New York Times: Sadiq Khan, London’s Muslim Mayor, Calls Trump ‘Ignorant About Islam’
The Hill: Dems unveil bill to block Trump Muslim ban


SUICIDE BOMB IN YEMEN KILLS EIGHT, WOUNDS YEMENI ARMY COMMANDER
A suicide bomber killed eight people and wounded a senior Yemeni army commander in an attack in eastern Yemen on Wednesday. No group claimed responsibility for the attack on General Abdul-Rahman al-Halili, commander of Yemen’s First Army District, but the bombing resembled past attacks by ISIS or Al Qaeda militants against security forces in Yemen. Reuters, Associated Press

Related:
Washington Post: Saudi military threatens to move forces into Yemeni capital if peace talks fail

Syria: Syria’s Al Qaeda branch, the Nusra Front, seized a village of President Bashar al-Assad’s minority Alawite sect on Wednesday. The capture of the town of Zaara in central Syria raises concerns about an outbreak of sectarian violence, as many families in the town have been reported missing. Associated Press

Afghanistan: Exiled former prime minister and insurgent Gulbuddin Hekmatyar is reportedly finalizing a peace deal with the Afghan government to allow him to return to the country. Hekmatyar, the leader of the militant group Hezb-i-Islami, has been in exile from the country since 1996. New York Times


Belgium: The attacks on the Brussels airport and subway in March could have been much worse, according to new details from investigations and a Belgian parliamentary inquiry. Solid police work, luck, and disarray all played a role in lessening the impact of the attacks, according to interviews with people briefed on the ongoing investigations into the attacks. Wall Street Journal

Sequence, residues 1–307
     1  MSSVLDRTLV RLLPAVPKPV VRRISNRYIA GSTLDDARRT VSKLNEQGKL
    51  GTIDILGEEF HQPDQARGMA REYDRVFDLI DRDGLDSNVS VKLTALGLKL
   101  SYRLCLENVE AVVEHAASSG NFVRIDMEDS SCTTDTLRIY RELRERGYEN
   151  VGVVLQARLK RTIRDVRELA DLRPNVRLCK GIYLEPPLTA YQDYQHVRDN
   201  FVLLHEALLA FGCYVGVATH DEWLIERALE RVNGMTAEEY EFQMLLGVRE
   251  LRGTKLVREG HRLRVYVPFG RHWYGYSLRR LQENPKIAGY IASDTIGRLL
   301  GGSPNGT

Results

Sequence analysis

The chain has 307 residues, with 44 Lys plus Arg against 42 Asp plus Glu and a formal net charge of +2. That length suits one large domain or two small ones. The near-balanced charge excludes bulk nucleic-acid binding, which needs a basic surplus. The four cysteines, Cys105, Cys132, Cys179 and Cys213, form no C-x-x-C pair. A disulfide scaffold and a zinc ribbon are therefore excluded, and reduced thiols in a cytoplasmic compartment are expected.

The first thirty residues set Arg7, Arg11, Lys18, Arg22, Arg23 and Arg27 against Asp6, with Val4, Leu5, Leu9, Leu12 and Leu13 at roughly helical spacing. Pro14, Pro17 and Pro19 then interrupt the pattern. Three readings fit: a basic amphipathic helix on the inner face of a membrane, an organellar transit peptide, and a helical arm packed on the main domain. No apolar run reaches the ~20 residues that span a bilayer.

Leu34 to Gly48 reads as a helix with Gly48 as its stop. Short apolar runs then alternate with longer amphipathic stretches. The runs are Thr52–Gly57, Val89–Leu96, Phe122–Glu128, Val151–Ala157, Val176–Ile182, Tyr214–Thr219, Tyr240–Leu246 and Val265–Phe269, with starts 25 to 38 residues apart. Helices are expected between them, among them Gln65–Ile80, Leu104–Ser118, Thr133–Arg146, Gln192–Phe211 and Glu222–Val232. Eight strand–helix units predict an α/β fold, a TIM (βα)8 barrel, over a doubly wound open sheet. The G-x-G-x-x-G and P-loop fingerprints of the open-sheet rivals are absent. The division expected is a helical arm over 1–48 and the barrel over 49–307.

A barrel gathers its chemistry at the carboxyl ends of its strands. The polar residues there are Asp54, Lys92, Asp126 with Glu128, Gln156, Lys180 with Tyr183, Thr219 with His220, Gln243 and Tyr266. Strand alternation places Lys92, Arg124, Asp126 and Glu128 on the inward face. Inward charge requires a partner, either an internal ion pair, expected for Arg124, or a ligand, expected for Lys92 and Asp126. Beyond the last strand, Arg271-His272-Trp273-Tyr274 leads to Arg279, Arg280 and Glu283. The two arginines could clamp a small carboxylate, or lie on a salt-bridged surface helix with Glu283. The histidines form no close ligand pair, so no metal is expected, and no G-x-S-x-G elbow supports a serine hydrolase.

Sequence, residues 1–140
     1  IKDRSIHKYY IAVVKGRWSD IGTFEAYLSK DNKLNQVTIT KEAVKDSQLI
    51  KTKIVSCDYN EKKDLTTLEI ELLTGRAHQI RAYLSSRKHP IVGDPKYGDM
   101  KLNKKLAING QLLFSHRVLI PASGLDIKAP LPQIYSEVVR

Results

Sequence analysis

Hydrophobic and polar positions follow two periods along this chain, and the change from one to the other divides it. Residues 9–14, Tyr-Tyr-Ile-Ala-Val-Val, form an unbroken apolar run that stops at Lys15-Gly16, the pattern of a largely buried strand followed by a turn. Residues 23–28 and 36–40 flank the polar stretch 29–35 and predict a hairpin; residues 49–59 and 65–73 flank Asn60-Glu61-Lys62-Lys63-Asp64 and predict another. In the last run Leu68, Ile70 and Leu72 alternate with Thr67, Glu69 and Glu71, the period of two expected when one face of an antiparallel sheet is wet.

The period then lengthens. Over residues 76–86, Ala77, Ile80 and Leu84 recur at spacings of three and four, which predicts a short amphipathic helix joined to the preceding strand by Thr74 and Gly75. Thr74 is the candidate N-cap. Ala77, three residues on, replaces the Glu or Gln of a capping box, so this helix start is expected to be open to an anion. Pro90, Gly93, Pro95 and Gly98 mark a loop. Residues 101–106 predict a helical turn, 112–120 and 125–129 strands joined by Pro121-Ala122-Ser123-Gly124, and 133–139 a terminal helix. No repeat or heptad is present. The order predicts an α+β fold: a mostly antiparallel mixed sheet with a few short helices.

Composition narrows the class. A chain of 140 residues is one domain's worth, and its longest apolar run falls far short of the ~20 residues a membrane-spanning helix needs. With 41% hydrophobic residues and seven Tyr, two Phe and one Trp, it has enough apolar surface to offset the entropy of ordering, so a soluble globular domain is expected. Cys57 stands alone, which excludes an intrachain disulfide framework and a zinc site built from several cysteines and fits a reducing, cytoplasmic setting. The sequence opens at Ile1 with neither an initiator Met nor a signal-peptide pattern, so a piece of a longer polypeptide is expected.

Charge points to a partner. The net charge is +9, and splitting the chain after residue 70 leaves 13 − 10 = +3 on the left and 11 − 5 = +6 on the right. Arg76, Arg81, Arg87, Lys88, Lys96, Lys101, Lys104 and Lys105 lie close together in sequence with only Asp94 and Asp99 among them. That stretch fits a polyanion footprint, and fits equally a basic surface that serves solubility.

United Kingdom: 23-year-old Abdal Raouf Abdallah was convicted on two counts of preparing acts of terrorism for his role in helping a British air force veteran and three others travel to Syria to fight alongside militants. Abdallah was paralyzed while fighting alongside other Islamists in the Libyan uprising in 2011. BBC News

Turkey: On Wednesday, Turkey again refused to make changes to its anti-terrorism laws requested by the European Union as part of the deal to secure Turkish assistance with the refugee crisis. EU officials and human rights groups have accused Turkey of using sweeping, broad anti-terrorism legislation to target government dissenters and suppress free speech. The European Union wants Turkey to narrow its definition of terrorism and change other anti-terror laws to meet EU standards. Reuters
TOP OP-EDS
Abu Ghraib prisoners deserve, finally, their day in court: “Do we want our American courts to uphold this lawlessness? To join the torturers and their enablers in smirking at the victims?,” writes Alberto Mora in the Guardian. “So far, our courts have acted in just this way, barring torture victims from pursuing civil claims...Most of the torture claimants (and none in the Abu Ghraib case) have never been charged with involvement with insurgent activity, much less terrorism.”

In the Event of the Islamic State’s Untimely Demise…: “For Abu Bakr al-Baghdadi, the leader of the Islamic State, surrender is out of the question. And given the Islamic State leadership’s horrific behavior and stated objective of establishing a caliphate governed by sharia, a negotiated settlement is a non-starter,” write Brian Michael Jenkins and Colin P. Clarke on Foreign Policy. “That’s why, if they haven’t already, the Islamic State’s leaders in Raqqa will soon formulate a contingency strategy — a ‘Plan B’ that the West will then be forced to contend with. Here are some of the options they may be considering.”

Former senator: Release the uncensored truth about 9/11: “With all due respect, that argument is an affront not only to the American public in general but also to all those who lost family members, loved ones and friends on that fateful September day in 2001,” writes Bob Graham in The Washington Post. “Americans are fully capable of reviewing the 28 pages and making up their own minds about their significance.”
EDITOR'S PICK

SOUFAN GROUP
For cutting-edge analysis of the geopolitical events shaping global affairs, read today’s TSG IntelBrief: The Car Bomb Campaigns of the Islamic State